All the way back in December 2013, the editors of Visit1862 mused on the possibilities of considering the 1862 International Exhibition as an ‘object obituary’ to Prince Albert, the late husband of Queen Victoria: RIP Prince Albert.
Almost two whole years later, this post is finally going to consider the more overt physical obituary that was erected in Albert’s memory: The Albert Memorial.
Prince Albert died on the 14th December 1861, only months before the 1862 International Exhibition opened. At the 1851 Great Exhibition held in Hyde Park, Albert had been an important supporter and the Royal family’s endorsement of the exhibition had played a significant role in its success. By contrast, both Albert and his grieving wife were notably absent from the 1862 exhibition and some historians have argued that their absence contributed to the relative ‘failure’ of the event. Therefore, although not physically present at the time of the 1862 International Exhibition, the memorial is part of the exhibition’s legacy and is one of the most prominent expressions of contemporary South Kensington’s Victorian heritage.
The memorial was a public initiative intended to permanently mark Albert’s contributions to British culture and politics, while also demonstrate to the Queen that there was considerable public appreciation for her late husband, even if that hadn’t always been clear during his lifetime. The memorial was therefore paid for through a combination of public subscriptions and government money. Located at the northerly tip of South Kensington, opposite the subsequently constructed Royal Albert Hall, the memorial was conceived in January 1862, but was not ‘completed’ until 1876.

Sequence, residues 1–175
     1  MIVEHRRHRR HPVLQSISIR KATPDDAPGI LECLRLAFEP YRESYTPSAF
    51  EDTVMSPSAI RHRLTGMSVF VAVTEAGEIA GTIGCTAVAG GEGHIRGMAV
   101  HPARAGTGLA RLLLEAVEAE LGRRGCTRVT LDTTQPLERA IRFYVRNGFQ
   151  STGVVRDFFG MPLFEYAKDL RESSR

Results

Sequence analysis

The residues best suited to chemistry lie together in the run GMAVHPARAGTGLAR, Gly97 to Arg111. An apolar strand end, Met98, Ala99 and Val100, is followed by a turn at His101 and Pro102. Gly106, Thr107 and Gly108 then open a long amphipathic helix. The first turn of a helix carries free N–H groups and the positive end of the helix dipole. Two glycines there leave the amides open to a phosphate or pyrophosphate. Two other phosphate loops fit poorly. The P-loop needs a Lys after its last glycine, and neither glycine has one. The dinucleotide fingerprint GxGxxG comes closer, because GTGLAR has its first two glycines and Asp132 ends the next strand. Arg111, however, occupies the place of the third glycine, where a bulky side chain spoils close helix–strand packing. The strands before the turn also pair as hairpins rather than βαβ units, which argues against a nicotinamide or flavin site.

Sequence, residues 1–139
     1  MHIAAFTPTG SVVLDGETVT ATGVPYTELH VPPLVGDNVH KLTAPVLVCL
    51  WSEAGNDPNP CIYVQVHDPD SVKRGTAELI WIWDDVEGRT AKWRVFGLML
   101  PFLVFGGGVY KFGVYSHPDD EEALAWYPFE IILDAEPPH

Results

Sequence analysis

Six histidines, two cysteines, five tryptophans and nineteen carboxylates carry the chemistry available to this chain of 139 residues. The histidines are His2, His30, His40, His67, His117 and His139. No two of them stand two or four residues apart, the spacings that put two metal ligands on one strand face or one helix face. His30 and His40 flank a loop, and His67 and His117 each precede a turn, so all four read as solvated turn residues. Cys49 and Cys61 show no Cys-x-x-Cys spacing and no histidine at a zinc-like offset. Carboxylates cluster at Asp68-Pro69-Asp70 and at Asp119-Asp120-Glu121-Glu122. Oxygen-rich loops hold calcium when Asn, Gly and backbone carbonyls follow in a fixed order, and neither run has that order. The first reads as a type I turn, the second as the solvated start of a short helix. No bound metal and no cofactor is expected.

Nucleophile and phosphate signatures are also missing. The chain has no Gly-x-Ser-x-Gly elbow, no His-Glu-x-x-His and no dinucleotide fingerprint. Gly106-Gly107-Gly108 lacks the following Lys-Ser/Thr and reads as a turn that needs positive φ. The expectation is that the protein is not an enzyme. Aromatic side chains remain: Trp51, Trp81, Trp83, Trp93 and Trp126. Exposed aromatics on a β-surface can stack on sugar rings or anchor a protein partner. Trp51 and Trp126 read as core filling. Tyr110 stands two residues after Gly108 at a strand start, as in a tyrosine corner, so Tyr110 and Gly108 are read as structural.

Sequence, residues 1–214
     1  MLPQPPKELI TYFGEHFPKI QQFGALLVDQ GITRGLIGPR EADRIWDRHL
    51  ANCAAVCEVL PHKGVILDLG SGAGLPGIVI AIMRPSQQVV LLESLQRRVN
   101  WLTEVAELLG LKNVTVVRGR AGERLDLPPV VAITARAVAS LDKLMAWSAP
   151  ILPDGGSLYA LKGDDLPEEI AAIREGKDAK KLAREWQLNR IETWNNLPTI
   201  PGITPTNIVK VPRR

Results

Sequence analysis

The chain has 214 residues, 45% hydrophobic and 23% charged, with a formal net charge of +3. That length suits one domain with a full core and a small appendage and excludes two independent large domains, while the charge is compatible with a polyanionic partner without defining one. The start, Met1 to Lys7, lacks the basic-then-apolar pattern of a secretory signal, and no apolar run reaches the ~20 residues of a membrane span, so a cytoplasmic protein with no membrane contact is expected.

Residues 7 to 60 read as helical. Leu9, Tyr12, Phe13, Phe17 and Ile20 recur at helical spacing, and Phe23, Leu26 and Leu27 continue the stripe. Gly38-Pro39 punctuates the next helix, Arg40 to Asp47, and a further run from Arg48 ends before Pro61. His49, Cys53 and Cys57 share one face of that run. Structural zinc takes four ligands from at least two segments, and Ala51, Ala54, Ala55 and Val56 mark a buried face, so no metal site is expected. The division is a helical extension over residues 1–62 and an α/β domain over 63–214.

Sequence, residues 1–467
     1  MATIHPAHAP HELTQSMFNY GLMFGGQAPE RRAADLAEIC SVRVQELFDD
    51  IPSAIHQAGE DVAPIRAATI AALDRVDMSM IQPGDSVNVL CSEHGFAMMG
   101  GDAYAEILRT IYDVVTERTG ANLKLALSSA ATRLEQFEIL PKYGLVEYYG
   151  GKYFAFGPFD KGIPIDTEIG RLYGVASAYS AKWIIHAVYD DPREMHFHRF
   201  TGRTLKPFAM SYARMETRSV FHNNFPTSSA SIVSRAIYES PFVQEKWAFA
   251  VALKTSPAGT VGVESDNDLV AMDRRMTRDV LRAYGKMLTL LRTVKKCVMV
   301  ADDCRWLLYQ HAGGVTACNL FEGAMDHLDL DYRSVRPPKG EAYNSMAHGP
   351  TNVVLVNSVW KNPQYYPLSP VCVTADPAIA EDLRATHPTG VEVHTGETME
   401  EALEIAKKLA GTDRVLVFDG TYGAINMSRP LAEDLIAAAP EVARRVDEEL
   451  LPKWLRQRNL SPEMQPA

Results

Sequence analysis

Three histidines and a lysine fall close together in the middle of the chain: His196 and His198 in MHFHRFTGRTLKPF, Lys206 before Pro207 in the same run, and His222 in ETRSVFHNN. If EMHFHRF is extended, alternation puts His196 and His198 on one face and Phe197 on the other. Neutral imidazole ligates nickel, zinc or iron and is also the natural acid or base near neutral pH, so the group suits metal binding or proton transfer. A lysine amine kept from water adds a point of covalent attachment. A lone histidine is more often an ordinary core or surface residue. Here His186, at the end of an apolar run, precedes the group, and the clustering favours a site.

Arguably, however, the memorial was, and still is, in a constant state of becoming and was therefore never entirely ‘complete’ or ‘finished’. Most notably explored by the anthropologist Tim Ingold, material culture studies have recently become very interested in the ‘becoming’ and ever-changing character of material things. Using these ideas, the rest of this post will investigate the becoming nature of the Albert Memorial in three ways. Firstly it was consider how the memorial has been in a constant process of material flux. Secondly it will ask how it has gained a whole range of different meanings and connotations. While finally, it will think about the different ways in which it has been physically related to by visitors during its 150 years.
Although all the parts of the Albert memorial were in position by 1876, the material character of the memorial has regularly changed in the subsequent years, helping to demonstrate how the building was in a state of becoming.
The Albert memorial was made out of a whole range of different materials, including iron, Campenella marble, gold, glass, brick and bronze.
Some of these materials were specifically chosen for their durability, due to fears about the affects of London’s polluted air on the monument’s material stability. Both the sculptural groups on the four corners of the memorial and the sculptural frieze running underneath Albert’s sculpture were made out of Campenella marble, renowned for being a particularly hard stone. However, although this made the marble very difficult for the sculptors to work with, the sculptures still fell prey to polluted decay and discolouring and had to be heavily restored in the 1980s.
Other materials used for their structural properties have also required maintenance and material rehabilitation during the memorial’s life. Almost as soon as the memorial was constructed, water began to seep into the canopy above Prince Albert’s head. The structure, supported by cast iron girders chosen for their structural strength, began to function as a water cistern, the girders began to rust and the canopy expanded. Water began to drip out from the canopy onto the stone sculptures, further contributing to their discolouring and eventually in 1983 a large piece of lead cornice from the canopy was found on the memorial’s steps as the material decay began to have a fundamental influence on its structural stability.
However, it is not only the material qualities of the memorial’s components that have resulted in its material changes. The memorial has also been heavily affected by the events that have happened around it. During the Second World War the cross on top of the memorial was hit by enemy fire and during the First World War, the sculpture of Albert himself was stripped of its gold leafing, apparently in order to prevent it glinting in the light of German planes and give away London’s location.